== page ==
So you’ve finished your magnum opus and want to try your hand at uploading to KDP (the Kindle Direct Publishing platform). Congratulations! Except, the upload instructions you’ve managed to find are for text only and your manuscript has both text and images. Or, you’ve found the ‘Zon’s instructions, but try as you might, the images aren’t showing up in the preview.
I’m here to help
First of all, you need to make sure your images have been inserted into your .doc rather than cut and pasted. First, open your manuscript in Word. Place your cursor where you want the image to go in the document. Next, click Insert (at the top of the page), then click on Picture and choose the image you want to insert. Click Insert.
Once it’s where you want it, click on the image itself and go to Picture Tools/Format at the top of the page(or you can right click on the picture). Click on Compress Picture. This will make the image file smaller, which will make the .doc file more manageable. The actual visual size will remain the same. (If you have a lot of pictures, you can wait until they’re all inserted and when you compress, select “all images in document.”)
After that, you can click on Position and choose Text Wrapping if you’d like (although, currently the only device this will work on is the Kindle Fire, as you’ll see later). Compress all of your images in the manuscript, save it and close the document.
Next, create a separate, empty folder (name it something you’ll remember) into which you will save your document as a Web Page, Filtered (creating the empty folder is the part that isn’t clear in the ‘Zon’s instructions). Once you save it as a web page into this new folder, two files will be created: the .html file and a folder that contains the images. Right click on the .html file and click Send to Compressed (zipped) folder. This will create the folder you will upload to KDP. Drag and drop the image folder into the zipped folder, so it contains both the .html file and the images.
Now you can go to your bookshelf in your KDP account and add your new title. Fill out the book details and upload the cover. When you get to the part that asks you to upload your book file, choose the zipped folder you created. (Upload the whole folder at once, not the individual files.)
Preview the file in each of the platforms (iPad, iPhone, Kindle Fire, Kindle, etc.). It will look a little different in each. Here’s where you’ll see a difference between the Kindle Fire and the other devices if you positioned your images to have the text flow around them.
And on Kindle:
Finish the steps and hit publish. Good luck!
17 thoughts on “Uploading Images and Text to Kindle”
Good info! Something I will use in the future. Thank you for the article.
You’re welcome, Dick! Thanks for stopping by 🙂
Thanks DV! I’m going to try to add some images soon and am glad I can skip the learning curve (thanks to you)!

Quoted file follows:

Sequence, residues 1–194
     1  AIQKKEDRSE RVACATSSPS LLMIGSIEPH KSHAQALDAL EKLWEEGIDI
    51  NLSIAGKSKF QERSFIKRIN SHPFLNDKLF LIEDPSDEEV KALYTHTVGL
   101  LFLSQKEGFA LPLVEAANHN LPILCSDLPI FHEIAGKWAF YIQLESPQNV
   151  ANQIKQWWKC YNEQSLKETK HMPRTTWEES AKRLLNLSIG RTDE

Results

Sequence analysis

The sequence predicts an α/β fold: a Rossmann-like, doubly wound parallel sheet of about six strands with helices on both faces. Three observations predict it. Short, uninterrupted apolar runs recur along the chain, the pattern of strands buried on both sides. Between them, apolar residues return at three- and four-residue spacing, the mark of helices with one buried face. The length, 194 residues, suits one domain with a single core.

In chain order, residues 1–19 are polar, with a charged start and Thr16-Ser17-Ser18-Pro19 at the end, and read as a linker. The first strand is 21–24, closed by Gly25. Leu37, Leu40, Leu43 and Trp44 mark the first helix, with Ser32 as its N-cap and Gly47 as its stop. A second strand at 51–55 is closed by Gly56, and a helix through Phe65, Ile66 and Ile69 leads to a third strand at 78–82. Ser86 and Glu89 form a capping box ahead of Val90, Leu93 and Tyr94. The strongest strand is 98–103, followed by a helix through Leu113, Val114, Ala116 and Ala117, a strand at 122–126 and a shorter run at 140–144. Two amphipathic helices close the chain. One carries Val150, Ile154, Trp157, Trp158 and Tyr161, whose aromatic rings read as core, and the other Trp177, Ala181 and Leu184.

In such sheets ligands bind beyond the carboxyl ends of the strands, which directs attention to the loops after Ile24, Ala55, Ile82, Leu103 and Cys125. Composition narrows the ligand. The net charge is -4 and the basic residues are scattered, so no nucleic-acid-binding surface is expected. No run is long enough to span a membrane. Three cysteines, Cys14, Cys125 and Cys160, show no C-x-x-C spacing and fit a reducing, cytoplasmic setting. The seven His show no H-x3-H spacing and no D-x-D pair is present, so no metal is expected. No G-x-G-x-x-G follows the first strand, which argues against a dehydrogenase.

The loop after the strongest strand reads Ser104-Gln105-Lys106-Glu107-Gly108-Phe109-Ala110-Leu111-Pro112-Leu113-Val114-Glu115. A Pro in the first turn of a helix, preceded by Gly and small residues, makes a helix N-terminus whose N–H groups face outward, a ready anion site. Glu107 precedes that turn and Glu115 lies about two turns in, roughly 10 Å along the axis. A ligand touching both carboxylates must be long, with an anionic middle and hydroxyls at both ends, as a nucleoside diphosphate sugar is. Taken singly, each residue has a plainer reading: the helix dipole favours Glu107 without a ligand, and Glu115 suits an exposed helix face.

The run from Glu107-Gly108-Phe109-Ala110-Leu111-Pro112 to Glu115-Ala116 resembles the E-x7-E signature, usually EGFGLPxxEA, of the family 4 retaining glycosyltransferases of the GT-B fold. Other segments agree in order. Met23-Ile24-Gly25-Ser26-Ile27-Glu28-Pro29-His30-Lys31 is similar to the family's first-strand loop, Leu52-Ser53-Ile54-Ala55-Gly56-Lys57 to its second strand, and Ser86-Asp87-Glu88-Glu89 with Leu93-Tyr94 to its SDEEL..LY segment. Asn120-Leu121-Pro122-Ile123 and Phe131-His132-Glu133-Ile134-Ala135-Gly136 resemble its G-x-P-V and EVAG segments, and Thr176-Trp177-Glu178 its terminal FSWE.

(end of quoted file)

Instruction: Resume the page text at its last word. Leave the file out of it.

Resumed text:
You’re welcome, CM–it’s always a good thing to learn from other people’s hair-tearing experiences 🙂
Thanks, D.V.! People have asked about this, and I never know what to say because my books are all straight text. Now I know where to point them. 🙂
Yeah, me too. That’s why I found the info–I was teaching a class on self-publishing and had several non-fiction writers who needed the information. Glad I could be of help!
I have successfully uploaded .docx and .doc files that have images without having to create the zip file (my books tend to have mock news articles and photo journal entries). So long as you select ‘in line with text’ for the images, insert them and compress them, there should be no need to create the zip file 🙂
Oddly enough, any document I’ve uploaded with images in them even with the ‘inline with text’ selection have showed up without images. The only way I can get them to show up is by converting to a PRC or doing it with the zip file.
Same with me, Kat. So, if the first way doesn’t work, then you can try the other. Always good to have options.
I just went over this hurdle myself. Good to see how it SHOULD be done – but I found that uploading an ordinary Word.doc file (instead of the web-filtered htm file they tell you) ends up with photos displayed perfectly. It’s a little simpler than creating new zip files, but I’ll try the proper method next time. Thanks for the info!
LOL! Whatever works for you, Bev 🙂 I tried using an ordinary Word doc and it didn’t display properly. Then I tried the zip file. Once I did that, it worked perfectly.
I had such a nightmare trying to get my one image from my first book to where it would display on the Kindle. I ended up going through this same process, but as you mentioned, it’s not really clear on Amazon’s instructions. I’m bookmarking this article to prevent the same happening to me next time. Thanks!
I feel your pain, Brian. I was mystified as to why it wasn’t working for me until I found the ‘fix’. It’s relatively simple once you’ve done it. Thanks for stopping by!
Very helpful post, thanks!
You’re welcome 🙂
Great info DV. This comes at a great time as I am working on a project that will have some pictures and I wondered if they would turn out ok on all eReaders. Thank you.
Great article. Thanks.
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